Explorers’ Sketchbooks – George Lowe In the final part of the series, Avaunt considers the sketchbook of Everest pioneer and Antarctic explorer, George Lowe

In an age before Google Maps, GPS and satellite phones, the unexplored landscapes discovered by pioneering explorers could only be recorded by pen and paper. In this short seriesAvaunt will be featuring five excerpts from the sketchbooks of people who shaped – through word and image – our concept of the world over the past six centuries.

George Lowe, a man renowned for his generous and humble nature, was an essential part of the 1953 British Mount Everest expedition. Lowe, a mountaineer, photographer and teacher from New Zealand, used the skills he had developed on the ice in his country’s Southern Alps to carve out a route for the climbers along Everest’s Lhotse Face, and cut steps above the mountain’s South Col, preparing the final leg of the journey to the summit.

On 29th May 1953, facilitated by Lowe’s efforts, Edmund Hillary and Tenzing Norgay became the first men to successfully reach Everest’s summit. Three years later, Lowe and Hillary were invited on the Commonwealth Trans-Antarctic Expedition – the first expedition to cross Antarctica overland via the South Pole. This time adopting a different but no less critical role, Lowe was responsible for photographing and recording the voyage, as well as assisting in the sound engineering required for mapping and profiling what Antarctica looked like below the ice.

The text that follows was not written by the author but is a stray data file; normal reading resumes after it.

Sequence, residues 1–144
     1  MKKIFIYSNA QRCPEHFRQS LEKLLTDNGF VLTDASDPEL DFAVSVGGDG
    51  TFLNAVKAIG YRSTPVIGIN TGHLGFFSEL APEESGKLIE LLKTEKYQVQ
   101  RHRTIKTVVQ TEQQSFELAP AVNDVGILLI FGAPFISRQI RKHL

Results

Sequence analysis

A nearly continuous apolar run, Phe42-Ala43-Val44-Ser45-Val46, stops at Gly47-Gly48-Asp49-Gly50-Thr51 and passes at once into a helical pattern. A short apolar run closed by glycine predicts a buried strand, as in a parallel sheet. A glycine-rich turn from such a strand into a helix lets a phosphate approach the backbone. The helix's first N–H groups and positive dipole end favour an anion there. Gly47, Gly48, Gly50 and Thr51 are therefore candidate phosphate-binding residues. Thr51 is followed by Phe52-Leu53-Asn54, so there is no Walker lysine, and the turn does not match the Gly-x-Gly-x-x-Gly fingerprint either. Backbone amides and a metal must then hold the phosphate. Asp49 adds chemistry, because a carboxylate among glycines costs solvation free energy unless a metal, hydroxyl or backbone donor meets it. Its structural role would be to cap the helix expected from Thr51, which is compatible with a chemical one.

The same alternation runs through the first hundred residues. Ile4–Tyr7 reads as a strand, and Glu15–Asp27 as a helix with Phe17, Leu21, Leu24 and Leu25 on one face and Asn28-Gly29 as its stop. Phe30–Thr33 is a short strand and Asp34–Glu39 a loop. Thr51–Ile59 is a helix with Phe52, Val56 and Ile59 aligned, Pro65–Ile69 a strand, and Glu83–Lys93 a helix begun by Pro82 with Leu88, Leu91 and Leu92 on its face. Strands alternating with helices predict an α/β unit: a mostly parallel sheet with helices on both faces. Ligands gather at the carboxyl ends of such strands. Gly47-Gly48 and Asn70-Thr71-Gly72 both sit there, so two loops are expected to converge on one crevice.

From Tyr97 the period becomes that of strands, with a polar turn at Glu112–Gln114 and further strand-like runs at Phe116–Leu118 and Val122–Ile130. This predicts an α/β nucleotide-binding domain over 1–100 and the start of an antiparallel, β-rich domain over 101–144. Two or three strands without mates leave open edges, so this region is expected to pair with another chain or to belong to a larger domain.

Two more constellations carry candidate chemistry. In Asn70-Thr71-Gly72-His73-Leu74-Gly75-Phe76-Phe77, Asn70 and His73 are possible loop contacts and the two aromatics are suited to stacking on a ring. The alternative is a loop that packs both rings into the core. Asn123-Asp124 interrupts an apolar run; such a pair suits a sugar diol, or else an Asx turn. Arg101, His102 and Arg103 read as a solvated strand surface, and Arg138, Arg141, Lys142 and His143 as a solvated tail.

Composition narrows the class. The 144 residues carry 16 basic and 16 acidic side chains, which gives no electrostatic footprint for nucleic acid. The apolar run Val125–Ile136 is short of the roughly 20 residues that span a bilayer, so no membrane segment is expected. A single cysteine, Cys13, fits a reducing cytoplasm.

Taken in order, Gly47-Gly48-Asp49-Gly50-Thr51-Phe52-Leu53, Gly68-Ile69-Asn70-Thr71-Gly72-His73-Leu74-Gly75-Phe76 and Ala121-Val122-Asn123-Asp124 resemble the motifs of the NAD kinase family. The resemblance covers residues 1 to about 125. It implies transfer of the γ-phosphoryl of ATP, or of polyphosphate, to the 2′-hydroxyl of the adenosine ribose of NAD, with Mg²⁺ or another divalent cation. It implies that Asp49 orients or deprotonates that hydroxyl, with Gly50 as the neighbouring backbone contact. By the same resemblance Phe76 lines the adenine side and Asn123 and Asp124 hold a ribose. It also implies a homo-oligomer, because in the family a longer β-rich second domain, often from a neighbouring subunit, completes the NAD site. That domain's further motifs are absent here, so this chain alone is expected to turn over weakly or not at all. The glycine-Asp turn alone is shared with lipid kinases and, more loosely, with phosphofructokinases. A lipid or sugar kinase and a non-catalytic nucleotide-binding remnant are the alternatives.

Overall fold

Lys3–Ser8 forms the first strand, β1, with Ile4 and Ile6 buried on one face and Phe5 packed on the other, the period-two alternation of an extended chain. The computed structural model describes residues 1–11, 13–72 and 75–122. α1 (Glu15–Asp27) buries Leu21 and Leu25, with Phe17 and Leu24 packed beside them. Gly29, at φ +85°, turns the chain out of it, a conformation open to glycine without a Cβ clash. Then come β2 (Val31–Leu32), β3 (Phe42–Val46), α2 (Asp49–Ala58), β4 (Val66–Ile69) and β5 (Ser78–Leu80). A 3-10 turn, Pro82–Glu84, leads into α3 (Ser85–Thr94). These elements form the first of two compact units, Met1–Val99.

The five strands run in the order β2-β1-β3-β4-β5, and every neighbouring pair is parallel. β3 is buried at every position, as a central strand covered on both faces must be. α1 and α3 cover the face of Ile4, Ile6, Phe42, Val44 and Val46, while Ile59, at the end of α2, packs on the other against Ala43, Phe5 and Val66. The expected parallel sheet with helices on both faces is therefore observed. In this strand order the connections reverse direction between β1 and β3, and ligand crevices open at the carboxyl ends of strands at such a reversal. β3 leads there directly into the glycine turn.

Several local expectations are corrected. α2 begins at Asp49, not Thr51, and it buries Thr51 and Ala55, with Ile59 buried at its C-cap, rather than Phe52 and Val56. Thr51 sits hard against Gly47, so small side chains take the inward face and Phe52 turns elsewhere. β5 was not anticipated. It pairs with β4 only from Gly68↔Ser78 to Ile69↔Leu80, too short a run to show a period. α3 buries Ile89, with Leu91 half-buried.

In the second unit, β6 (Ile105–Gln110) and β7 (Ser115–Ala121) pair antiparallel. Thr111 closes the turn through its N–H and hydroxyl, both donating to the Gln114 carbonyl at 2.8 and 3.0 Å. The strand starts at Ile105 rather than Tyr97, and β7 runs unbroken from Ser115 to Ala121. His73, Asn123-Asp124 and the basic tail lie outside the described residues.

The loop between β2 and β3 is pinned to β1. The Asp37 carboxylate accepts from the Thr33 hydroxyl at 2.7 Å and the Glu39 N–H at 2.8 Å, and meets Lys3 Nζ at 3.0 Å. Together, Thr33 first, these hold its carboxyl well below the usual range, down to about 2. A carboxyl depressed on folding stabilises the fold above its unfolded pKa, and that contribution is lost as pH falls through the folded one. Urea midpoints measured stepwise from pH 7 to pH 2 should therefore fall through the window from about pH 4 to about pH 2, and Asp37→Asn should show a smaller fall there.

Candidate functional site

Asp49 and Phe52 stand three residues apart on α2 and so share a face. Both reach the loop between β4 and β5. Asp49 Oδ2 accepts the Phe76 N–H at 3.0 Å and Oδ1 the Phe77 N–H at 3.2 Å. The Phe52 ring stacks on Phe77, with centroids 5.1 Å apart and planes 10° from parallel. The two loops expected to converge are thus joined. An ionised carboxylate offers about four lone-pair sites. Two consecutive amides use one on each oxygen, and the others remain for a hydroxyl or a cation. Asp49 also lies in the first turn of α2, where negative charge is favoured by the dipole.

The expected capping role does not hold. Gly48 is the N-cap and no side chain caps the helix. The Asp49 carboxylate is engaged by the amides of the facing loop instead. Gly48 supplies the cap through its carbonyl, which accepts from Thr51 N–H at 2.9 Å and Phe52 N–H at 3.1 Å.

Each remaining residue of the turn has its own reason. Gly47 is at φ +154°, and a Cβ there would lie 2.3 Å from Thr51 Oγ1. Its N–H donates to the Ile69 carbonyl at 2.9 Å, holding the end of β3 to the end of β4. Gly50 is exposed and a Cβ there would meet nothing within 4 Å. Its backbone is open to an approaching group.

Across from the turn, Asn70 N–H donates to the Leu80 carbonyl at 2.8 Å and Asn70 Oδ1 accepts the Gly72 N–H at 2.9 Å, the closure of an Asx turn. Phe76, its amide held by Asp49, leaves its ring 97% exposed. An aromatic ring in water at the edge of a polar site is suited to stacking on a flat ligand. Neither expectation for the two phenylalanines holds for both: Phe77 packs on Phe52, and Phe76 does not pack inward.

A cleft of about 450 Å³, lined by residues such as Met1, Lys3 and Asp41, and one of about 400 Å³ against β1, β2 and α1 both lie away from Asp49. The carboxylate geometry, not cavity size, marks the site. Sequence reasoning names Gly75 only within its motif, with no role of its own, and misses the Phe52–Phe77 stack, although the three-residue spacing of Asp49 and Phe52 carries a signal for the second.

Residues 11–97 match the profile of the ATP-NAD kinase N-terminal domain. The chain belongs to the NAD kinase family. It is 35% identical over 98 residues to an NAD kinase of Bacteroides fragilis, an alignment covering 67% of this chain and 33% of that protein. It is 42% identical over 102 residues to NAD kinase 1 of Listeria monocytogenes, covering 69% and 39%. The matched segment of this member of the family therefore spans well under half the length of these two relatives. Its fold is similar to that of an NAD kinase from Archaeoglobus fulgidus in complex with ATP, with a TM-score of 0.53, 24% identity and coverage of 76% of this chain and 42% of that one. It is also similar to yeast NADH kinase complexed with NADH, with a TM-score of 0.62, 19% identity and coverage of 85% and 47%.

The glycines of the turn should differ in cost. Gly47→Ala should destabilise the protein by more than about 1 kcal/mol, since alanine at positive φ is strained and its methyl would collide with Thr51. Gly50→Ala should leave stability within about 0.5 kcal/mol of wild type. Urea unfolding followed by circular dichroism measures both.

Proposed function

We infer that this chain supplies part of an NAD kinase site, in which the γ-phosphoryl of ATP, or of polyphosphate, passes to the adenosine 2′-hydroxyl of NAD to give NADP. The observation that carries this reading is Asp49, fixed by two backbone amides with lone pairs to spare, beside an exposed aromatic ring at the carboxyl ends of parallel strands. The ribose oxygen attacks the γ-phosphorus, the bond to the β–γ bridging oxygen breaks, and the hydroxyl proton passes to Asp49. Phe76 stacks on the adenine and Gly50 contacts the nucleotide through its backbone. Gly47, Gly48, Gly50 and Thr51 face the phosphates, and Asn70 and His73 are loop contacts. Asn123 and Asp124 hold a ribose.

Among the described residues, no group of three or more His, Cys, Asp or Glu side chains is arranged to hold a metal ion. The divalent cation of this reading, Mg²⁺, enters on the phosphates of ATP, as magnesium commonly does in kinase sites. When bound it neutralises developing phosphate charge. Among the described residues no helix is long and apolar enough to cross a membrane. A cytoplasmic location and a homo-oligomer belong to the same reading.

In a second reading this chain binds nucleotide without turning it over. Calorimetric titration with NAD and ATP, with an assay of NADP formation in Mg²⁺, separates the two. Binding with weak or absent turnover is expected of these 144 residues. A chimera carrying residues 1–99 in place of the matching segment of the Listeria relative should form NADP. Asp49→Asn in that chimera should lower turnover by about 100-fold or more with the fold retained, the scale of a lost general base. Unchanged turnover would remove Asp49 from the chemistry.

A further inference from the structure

George Lowe journal pages
©Photography Martin Hartley/Art Direction Huw Lewis-Jones: Lowe Collection
Lowe was a keen letter writer, note taker and journal keeper, regularly recording both the quotidian events of life on expedition and the significant, historical moments that he was witness to. Lowe’s journals offer a personal and nuanced account of his experience as an explorer. This sketch, from two pages from Lowe’s journal during the Trans-Antarctic Expedition, detail the efforts Lowe and his fellow crewmen went to to dislodge a Sno-Cat that had become wedged in a crevasse. While spending the winter in Antarctica, Lowe set up a darkroom in a hut to process and develop his film, and stored the prints in his journal for protection from the elements.

Explorers’ Sketchbooks: The Art of Discovery and Adventure by Huw Lewis-Jones and Kari Herbert is published by Thames & Hudson, £29.95.

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